Vietnam: New Transfer Pricing Regulations Are Effective 6 June 2010
Vietnam’s Ministry of Finance issued new transfer pricing regulations as Circular 66/2010/TT-BTC (22 April 2010). The guidelines under Circular 66 are effective beginning 6 June 2010.
Circular 66 replaces Circular 117/2005/TT-BTC (19 December 2005). Changes made by Circular 66 are described below.
In general, Circular 66 provides a comprehensive set of guidelines concerning the following elements:
- The arm’s length principle
- Alternative criteria defining related-party relationship
- Material differences
- Arm’s length range
- Principles of comparability analysis
- Transfer pricing methods—the five commonly used methods:
- Comparable Uncontrolled Prices Method
- Resale Price Method
- Cost Plus Method
- Comparable Profits Method
- Profit Split Method
- Benchmarking standards
- Transfer pricing documentation and record retention requirements
- Triggers for the tax authority’s transfer pricing adjustments
- Annual declaration requirements
Companies with related-party transactions in general must comply with the following requirements:
- Determine transfer prices for related-party transactions in accordance with the arm’s length principle (under which prices are to be negotiated and agreed upon as if the transactions were conducted between unrelated (independent) parties). Note that Circular 66 primarily applies for corporate income tax purposes.
- Create and maintain contemporaneous transfer pricing documentation as supporting evidence of compliance with the arm’s length principle. As such, the onus is on corporate taxpayers to provide evidence with respect to arm’s length transactions. Penalties and arbitrary assessments of transfer prices or profits for corporate income tax purposes may apply when a corporate taxpayer fails to have documentation or provide documentation within the prescribed period (30 business days following the tax authority’s written request for such documentation).
- Submit an annual declaration of related-party transactions and related transfer pricing methods on Form GCN-01/QLT when filing an annual corporate income tax return. One change provided in Circular 66 requires companies to declare their different categories of related-party transactions with detailed information concerning individual related parties, the nature of the related-party relationship, and the related transfer pricing methods.
Certain technical amendments made by Circular 66 tighten the application of the transfer pricing rules, including:
- The thresholds of “material differences” are now prescribed to be 1% of transfer prices or 0.5% profit margin (either on a gross margin or net margin basis). The definition of “material differences” thresholds could have broad implications with respect to a number of aspects of transfer pricing analysis; the analysis must be conducted in accordance with the regulations—particularly, the number of comparables to be selected, benchmarking, etc.
- The median value of an inter-quartile range is now to be used for purposes of benchmarking and transfer pricing adjustments in certain cases. Based on observations from international transfer pricing practices, strictly using the median value appears to result in significant disputes between taxpayers and tax authorities in transfer pricing audits and in negotiations for advance pricing agreements.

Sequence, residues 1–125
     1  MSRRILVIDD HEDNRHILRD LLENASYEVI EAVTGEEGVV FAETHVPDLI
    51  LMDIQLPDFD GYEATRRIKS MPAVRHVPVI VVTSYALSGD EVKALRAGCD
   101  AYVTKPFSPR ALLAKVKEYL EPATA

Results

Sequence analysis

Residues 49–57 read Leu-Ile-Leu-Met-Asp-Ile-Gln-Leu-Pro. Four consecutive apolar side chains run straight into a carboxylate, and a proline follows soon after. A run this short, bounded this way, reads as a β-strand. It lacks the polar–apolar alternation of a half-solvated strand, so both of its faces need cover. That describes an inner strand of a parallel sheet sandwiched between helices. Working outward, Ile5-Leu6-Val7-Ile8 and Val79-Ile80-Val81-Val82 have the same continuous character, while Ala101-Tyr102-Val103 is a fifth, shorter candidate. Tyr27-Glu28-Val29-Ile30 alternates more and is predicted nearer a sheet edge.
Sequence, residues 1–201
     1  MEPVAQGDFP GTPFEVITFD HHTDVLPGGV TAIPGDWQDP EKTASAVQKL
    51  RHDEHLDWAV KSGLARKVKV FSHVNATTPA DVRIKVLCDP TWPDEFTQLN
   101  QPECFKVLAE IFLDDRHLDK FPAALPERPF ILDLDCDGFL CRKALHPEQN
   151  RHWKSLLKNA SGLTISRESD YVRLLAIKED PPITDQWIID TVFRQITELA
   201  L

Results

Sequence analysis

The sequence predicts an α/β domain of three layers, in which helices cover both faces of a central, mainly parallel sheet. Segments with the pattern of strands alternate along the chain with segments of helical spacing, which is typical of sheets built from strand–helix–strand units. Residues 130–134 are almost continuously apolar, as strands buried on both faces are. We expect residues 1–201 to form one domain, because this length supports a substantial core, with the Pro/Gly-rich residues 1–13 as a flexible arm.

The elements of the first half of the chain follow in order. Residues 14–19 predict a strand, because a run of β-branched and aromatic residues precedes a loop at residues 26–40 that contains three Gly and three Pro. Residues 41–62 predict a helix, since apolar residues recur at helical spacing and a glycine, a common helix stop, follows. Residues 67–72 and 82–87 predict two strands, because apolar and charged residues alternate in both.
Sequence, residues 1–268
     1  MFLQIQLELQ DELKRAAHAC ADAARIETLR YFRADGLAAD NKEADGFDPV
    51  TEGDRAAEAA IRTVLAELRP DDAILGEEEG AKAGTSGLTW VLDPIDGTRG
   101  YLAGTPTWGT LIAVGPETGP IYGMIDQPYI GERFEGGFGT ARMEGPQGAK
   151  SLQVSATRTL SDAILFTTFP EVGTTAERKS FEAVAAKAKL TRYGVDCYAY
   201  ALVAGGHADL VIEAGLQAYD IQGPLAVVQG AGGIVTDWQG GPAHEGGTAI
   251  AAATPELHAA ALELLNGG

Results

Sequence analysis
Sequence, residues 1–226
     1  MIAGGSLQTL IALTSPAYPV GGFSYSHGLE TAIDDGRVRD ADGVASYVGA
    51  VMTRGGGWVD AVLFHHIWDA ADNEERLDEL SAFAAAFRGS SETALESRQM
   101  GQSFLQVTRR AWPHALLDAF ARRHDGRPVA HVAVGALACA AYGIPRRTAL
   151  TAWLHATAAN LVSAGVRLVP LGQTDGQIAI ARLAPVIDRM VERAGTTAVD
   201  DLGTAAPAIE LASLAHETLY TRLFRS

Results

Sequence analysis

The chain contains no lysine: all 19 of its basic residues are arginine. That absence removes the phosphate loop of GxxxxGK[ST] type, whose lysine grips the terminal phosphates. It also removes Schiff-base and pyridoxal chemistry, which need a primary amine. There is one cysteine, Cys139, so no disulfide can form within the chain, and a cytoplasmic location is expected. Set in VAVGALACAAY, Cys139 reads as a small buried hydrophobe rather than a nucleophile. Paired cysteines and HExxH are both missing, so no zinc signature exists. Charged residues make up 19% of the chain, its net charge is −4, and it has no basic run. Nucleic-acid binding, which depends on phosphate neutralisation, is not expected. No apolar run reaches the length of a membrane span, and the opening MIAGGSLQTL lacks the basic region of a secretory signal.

Since the application of the local transfer pricing regulations (Circular 117 of 2006), tax professionals have noted a number of transfer pricing risk transactions and “red flags” that can be identified from the local practice, including:
- Prolonged loss making in one or a combination of the following situations—business expansion (as indicated by revenue and investment) associated with prolonged loss makings and suspected less-than arm’s length transfer prices of tangible goods involving raw materials, fixed assets, and manufactured products
- Operating loss-making at companies that perform routine functions and assume low risks in contract manufacturing or export processing (toll manufacturing)
- Disallowed deductions for certain business expenses under the rationale of risk allocation between the Vietnamese company and international related parties
- Rejected corporate income tax deduction for related-party payment of service fees, when the expenditures were not adequately substantiated in terms of service levels and transfer price setting
- Inconsistency between the use of intangible assets (as evidenced by the payment of user’s fee) and business profits
- Inconsistency between documented transfer pricing policy and actual business results, setting aside the effects of external factors
There have been reports that the local tax authorities have expressly indicated concerns about the transfer pricing practice in a number of sectors and of their intention to focus on and scrutinize transfer pricing matters in upcoming tax audits. Proper planning and compliance with the local requirements therefore may need to be given high priority on the corporate agenda for tax governance. Prudent taxpayers would pay attention to the following areas:
- Maintain contemporaneous transfer pricing documentation (i.e., at the time related-party transactions are conducted, rather than after the fact)
- Consider arm’s length transfer pricing in business decisions on dealings with related parties, including supply chain related issues
- Review the results of application of transfer pricing policy and maintain necessary explanatory information for the results
For more information, contact a KPMG tax professional in Vietnam:
Warrick Cleine, +84 8 38 21 9266 (ext. 8200),
Hoang Thuy Duong, +84 4 3946 1600 (ext. 6406),
Ta Hong Thai, +84 8 3821 9266 (ext. 8240), firstname.lastname@example.org